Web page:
If you hear audible rapid clicks coming from the engine, it’s a sign that the starter relay isn’t being engaged by the key or push-start ignition, or it could simply be just a dead car battery. A starter relay is also fairly simple to diagnose at home; all you need is a test light or test pen. The starter relay is usually located around the positive terminal of the car battery. Look out for a fuse box where cables and wires are plugged in. Then, make contact with the test pen while having someone else start the car. The test pen lights up if it’s really the fault of a damaged starter relay.
Expired Gas in Your Gas Tank
The average lifespan of a vehicle’s gas is usually up to a month. When your car is left sitting for a month, it could be the fault of the remaining gas inside the tank. If gas is left sitting for too long, the octane mixed in the gas will start degrading. Octane mixed in the fuel is what makes our gas combustible and also makes it volatile. Hence in Malaysia, RON97 is preferred by high-performance vehicles as it is a high-octane fuel.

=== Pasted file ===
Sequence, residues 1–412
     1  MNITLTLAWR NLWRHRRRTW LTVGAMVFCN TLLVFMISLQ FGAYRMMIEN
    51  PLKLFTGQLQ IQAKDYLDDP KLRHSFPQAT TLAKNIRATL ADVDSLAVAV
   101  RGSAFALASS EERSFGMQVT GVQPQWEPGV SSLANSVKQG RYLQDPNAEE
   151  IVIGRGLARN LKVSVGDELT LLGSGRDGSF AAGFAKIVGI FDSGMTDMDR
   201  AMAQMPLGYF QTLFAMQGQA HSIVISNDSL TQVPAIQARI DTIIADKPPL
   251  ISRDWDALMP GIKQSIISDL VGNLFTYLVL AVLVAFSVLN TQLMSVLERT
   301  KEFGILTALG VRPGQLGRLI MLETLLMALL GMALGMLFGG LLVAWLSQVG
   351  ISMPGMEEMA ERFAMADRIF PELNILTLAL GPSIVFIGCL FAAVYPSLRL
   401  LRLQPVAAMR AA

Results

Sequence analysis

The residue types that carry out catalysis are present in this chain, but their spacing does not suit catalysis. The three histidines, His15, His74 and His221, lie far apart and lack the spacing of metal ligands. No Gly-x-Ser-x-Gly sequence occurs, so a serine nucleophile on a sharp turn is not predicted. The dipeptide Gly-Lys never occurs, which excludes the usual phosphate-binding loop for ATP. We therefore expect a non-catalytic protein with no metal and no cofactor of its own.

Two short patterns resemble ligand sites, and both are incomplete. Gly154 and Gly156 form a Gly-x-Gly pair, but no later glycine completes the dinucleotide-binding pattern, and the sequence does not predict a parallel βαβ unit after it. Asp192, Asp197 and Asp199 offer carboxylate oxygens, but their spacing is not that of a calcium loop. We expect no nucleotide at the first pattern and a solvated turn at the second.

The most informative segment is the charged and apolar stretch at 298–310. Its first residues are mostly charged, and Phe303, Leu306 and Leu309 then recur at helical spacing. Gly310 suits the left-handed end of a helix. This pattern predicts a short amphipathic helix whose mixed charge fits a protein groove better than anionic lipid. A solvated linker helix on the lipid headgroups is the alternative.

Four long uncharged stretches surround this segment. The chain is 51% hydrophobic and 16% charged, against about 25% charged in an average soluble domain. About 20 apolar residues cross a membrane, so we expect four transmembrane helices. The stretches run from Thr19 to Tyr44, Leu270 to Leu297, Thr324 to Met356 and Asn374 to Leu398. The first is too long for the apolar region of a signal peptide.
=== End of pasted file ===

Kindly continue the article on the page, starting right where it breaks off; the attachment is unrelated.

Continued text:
Generally, cars can still run on old gas if the vehicle can still be started. However, you won’t be getting much performance out of your fuel. In addition, old fuel can damage your engine from prolonged usage. If you have a car that has been sitting for too long, consider siphoning the old gas that has been left sitting in the vehicle and top it off with fresh gas.
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- One-year warranty: All CARSOME Certified cars also have a one-year extended warranty for your peace of mind.
Check out CARSOME to find your dream car today!
What started off as a simple hobby of collecting die-cast cars grew to become an obsession with the real deal. Dabbled in property for a year before making a career change to follow his passion for cars. Drives a 2016 Nissan Almera daily with dreams of upgrading to a Toyota one day.